ROME (Reuters) - A fresh attempt will be made to sell four small banks Italy rescued from bankruptcy in November after three bids submitted last month were rejected, two sources familiar with the matter said on Monday.
The bids had not been accepted as they were subject to a number of conditions and were not backed by the required bank guarantee, the sources said.
New bids are now due by the end of August from suitors who did not follow up on their preliminary expressions of interests as well as the three bidders, provided they are ready to improve on their previous offers, one of the sources said.
The banks’ chairman said in May there had been around 10 non-binding bids.
Financial newspaper Il Sole 24 Ore reported on Saturday that the idea of selling the four banks together was being dropped in favour of disposing of each lender separately. The sources were unable to confirm this.
Making use of a deposit guarantee fund, Italian banks have pumped 3.5 billion euros ($4 billion) into Banca Marche, Banca Etruria, CariChieti and CariFerrara to cover losses stemming mainly from loan writedowns and provide them with fresh capital.
The value of the four lenders has already been written down by 400 million to 1.4 billion euros due to restructuring charges. Bids submitted so far are expected to have amounted to only a fraction of that figure, inflating the burden placed on Italy’s struggling banking system.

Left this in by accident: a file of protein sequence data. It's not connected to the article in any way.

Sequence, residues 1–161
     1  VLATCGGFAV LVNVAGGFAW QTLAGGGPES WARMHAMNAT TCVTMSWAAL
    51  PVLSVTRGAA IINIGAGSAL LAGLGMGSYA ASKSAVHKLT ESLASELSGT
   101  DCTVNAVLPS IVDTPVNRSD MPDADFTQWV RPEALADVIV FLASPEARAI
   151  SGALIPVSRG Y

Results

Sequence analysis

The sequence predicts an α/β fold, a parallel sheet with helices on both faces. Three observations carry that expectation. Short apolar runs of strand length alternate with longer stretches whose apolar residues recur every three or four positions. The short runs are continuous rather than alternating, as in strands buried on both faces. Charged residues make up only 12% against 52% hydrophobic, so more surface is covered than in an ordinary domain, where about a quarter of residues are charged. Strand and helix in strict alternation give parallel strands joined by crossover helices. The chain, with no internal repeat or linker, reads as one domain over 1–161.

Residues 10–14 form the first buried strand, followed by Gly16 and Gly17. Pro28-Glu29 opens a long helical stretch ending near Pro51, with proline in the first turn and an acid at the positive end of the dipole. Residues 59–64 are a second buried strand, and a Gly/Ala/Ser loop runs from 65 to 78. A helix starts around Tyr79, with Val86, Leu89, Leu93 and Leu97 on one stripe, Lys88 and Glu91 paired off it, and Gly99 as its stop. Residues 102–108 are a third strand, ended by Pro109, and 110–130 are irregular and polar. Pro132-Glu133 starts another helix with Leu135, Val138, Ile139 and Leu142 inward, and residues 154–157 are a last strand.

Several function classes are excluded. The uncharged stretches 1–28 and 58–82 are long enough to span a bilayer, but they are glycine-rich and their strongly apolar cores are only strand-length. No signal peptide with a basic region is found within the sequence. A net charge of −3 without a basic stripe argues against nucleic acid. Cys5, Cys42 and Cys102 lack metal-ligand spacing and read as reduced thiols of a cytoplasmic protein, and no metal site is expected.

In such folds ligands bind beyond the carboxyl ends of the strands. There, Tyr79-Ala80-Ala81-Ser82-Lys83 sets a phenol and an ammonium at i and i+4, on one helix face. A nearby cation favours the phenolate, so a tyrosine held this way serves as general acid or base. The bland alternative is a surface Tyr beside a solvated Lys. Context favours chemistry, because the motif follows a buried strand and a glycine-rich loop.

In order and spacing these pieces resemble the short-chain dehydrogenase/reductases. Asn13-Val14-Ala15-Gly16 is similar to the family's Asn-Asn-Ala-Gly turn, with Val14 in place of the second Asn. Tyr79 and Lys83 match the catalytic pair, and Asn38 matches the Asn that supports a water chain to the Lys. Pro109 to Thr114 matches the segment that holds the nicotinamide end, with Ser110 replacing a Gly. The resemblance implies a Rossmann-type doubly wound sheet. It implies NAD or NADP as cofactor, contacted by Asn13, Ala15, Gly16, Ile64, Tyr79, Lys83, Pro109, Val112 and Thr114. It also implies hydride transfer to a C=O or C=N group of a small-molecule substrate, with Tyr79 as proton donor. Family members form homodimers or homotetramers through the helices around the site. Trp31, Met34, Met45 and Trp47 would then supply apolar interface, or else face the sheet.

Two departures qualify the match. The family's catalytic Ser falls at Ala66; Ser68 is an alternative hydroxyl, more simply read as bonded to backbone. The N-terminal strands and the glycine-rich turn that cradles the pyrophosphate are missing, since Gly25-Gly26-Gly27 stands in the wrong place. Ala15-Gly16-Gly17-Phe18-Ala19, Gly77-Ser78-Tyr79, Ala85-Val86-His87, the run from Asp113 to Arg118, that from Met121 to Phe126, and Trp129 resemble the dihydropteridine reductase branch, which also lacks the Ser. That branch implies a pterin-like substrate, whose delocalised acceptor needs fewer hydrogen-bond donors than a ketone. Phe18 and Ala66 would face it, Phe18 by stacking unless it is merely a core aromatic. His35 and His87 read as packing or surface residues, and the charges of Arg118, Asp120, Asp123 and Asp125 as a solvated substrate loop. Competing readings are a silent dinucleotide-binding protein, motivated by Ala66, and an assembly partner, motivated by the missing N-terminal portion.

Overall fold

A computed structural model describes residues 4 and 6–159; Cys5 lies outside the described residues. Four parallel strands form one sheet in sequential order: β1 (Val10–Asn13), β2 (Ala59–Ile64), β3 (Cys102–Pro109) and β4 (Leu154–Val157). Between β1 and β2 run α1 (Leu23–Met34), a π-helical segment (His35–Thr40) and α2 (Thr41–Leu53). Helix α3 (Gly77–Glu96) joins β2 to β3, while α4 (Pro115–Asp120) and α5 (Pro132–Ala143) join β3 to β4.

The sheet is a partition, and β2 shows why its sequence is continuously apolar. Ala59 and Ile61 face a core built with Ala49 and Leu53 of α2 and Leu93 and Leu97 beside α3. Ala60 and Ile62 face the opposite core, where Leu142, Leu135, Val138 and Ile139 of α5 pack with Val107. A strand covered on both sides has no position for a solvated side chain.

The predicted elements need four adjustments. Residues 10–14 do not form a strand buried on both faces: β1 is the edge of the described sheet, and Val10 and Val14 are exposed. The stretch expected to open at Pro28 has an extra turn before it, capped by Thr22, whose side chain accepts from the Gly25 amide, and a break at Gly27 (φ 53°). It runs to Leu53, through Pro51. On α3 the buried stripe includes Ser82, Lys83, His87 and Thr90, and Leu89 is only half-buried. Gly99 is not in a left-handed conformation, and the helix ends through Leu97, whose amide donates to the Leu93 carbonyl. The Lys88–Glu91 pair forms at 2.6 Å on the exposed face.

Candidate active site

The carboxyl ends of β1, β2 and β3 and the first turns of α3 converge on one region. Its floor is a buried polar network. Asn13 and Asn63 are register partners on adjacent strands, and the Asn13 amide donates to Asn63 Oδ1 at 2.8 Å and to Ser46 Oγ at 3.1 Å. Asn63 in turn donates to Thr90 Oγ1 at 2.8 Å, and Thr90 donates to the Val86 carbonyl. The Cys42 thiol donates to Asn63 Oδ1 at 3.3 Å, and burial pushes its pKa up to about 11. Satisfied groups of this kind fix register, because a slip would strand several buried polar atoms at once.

A long recession that wiped out one quarter of Italy’s industrial output has saddled its banks with 360 billion euros in problematic loans, nearly one fifth of the total.
After a deadline for binding offers expired last month, the Bank of Italy said it had received three bids. U.S. investment funds Apollo Global Management and Lone Star were among the bidders, sources said.
Il Sole 24 Ore mentioned Banca Popolare Emilia Romagna, UBI Banca and Popolare di Bari among possible bidders now that the tender was being reopened.
UBI said it was not interested in the lenders, while BPER could not be reached for comment. A source close to Popolare di Bari said the bank may be interested in CariChieti.
Sources familiar with the matter have said the main factor dragging down the valuation of the four banks -- in addition to a weak operating performance -- is the quality of the loan portfolio, despite the fact that loans to borrowers deemed insolvent were spun off in the rescue.
Additional reporting by Valentina Za, Massimo Gaia, and Andrea Mandala; Editing by Keith Weir